I received a paper in which every single word which in some way referred to God was capitalized. It bugged me, so I went looking for rules. I tried Google, “grammar of God” and found some interesting websights, but nothing useful. I switched my google search to capitalization of God and found some answers.
1. God, Allah. The rules about pronouns referring to the deity vary; some reference works state that “He” or “His” or “Thee” are capitalized whenever “God” is capitalized. Some writers always put the pronouns in lower case. Check with your professors about their requirements.
3. Incorrect capitalization of the noun “god”
Well, you say that god exists, but I think Santa Claus is more plausible.
Here, the writer is showing his complete and utter disdain for God by demoting him below Santa Claus, not only with his sentence, but with his capitalization. This is just plain wrong. In this sentence, God is a proper noun, and needs to be capitalized to distinguish it from “a god” as seen in the following sentence (which is correct usage):
I don’t see proof that there is a god.
Incorrect capitalization of pronouns
I know that God is alive because He shows himself to me.
Here, the writer is capitalizing a pronoun to try to convey the massive respect he has for his god above anything else that may be expressed with a proper noun. This is also bad grammar, though it does not introduce the confusion that not capitalizing “God” can (as noted above); it looks like he either has a sticky shift key or meant to break a sentence. Proper usage would be something to the effect of:
I know that God is alive because he shows himself to me
I know that God is alive because He shows Himself to me. (If you are capitalizing all the pronouns.)
4. Capitalization is like italicization or “like” quotation-encapsulation, it is a method of subtly changing the meaning of a word to suggest a different, a “bigger”, an “important” form of it’s use to then subtly change the meaning of the entire sentence.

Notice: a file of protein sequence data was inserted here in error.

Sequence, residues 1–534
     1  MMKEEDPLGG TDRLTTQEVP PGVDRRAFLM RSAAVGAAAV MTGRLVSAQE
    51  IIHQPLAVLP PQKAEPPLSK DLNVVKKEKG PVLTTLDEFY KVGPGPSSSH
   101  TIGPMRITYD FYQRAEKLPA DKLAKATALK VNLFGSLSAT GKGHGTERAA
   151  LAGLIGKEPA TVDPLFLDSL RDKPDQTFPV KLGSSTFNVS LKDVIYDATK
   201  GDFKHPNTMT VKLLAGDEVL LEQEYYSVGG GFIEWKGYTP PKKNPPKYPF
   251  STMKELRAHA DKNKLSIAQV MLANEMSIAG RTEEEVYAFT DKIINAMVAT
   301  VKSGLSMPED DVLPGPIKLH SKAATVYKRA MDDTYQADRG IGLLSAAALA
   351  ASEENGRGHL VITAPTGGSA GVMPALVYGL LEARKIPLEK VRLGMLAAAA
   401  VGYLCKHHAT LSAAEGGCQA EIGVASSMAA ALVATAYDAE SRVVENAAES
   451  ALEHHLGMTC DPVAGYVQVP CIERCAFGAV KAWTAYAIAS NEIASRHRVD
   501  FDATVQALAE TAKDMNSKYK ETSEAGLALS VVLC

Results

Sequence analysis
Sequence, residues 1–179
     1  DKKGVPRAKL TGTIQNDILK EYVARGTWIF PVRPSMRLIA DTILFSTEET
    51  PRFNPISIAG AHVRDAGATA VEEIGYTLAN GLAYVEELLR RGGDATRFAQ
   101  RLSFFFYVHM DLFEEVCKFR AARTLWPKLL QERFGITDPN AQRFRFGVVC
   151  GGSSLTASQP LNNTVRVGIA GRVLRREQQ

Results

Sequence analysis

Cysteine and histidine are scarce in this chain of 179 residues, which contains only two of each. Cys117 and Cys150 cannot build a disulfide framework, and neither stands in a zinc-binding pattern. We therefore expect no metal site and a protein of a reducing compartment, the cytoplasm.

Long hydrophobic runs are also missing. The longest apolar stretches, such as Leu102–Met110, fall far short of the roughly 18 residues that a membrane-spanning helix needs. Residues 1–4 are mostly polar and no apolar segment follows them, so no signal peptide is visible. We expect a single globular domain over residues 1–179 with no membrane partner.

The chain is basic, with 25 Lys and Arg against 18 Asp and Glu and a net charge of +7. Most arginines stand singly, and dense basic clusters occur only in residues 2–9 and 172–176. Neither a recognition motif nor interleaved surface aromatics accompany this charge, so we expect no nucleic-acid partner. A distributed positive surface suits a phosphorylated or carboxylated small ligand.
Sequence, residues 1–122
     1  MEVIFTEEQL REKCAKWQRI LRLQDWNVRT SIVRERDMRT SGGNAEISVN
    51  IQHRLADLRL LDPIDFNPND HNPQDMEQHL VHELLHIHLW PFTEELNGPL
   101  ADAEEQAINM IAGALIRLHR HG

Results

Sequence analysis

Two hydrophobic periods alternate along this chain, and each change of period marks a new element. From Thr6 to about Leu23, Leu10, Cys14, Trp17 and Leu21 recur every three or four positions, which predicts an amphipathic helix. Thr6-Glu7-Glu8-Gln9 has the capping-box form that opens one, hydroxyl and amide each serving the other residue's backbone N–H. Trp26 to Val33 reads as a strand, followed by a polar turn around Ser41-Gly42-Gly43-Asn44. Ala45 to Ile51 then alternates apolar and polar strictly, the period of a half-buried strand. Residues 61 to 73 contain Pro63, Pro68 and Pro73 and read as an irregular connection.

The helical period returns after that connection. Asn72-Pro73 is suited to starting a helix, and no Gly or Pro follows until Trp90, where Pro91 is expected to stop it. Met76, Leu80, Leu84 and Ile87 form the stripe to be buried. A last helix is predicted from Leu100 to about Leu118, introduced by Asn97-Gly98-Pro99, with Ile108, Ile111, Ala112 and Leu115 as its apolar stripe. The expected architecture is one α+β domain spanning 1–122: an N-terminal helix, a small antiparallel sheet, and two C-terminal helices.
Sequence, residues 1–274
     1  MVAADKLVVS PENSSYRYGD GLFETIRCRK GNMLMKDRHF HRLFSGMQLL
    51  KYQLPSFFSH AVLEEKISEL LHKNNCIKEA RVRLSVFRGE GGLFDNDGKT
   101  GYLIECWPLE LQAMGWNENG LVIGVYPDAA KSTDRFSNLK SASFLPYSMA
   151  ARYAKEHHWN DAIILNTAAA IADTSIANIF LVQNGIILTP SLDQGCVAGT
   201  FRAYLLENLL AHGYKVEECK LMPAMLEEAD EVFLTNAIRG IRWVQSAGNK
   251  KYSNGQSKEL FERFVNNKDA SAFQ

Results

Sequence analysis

Examples of capitalization include:
ï¿½ God – not “oh god, today sucked”, but “Oh Lord, thou art ten pounds of Holy in a Five-Pound-Bag.”-God
ï¿½ Bad Thing – not “bad doggie, no biscuit!”, but more towards being “Evil”-Bad.
ï¿½ Good Thing – not “that’s a good way of doing that”, but “this is the Right and Just way to do that”
ï¿½ Social Engineering – not chatting up a gal to get her phone number, but chatting up a gal to get her friend’s number.
Often, such emphasized terms will be found in notibly brief sentences with abrupt punctuation. This may be seen as the writer directing focus and resolution to the sentence. In speech, one might imagine the speaker crossing their arms and straightening their posture to say things such as:
ï¿½ Violence is Bad.
ï¿½ God is Opinion.
from Info Anarchy
5.ï¿½ The names of religions and religious terms receive capital letters.
We read a story from the Bible about God and Moses.
NOTE:ï¿½ Pronouns referring to God should be capitalized.ï¿½ Non-specific use of the word “god” should not be capitalized.
The Bible talks about God and His disciples.
The Egyptians worshipped many different gods.
Some company’s website
6. Religions: Methodist, Catholic, Taoism, Christian, Buddhism, Muslim
Note: Capitalize God only when it refers to the Christian God; also capitalize all nouns and personal pronouns when they refer to God.
Basically I found that most of the authors and sites said that the pronouns etc should be capitalized.
Any thoughts on that from anyone else?
Update: I actually think, after having thought of this for months and months, that I prefer that the title and the pronouns be captialized. It shows respect. Special respect. But apparently the Bible scholars think it should be more normal.
According to the SBL Handbook of Style, which, I am told, is the Bible for Biblical scholars, just as the MLA is the book for English scholars, God and his proper names should be capitalized, but not common titles or any pronouns.
So, Jesus is the Son of God, would be correct. But it is His kingdom of which he is Commander, would not be correct.
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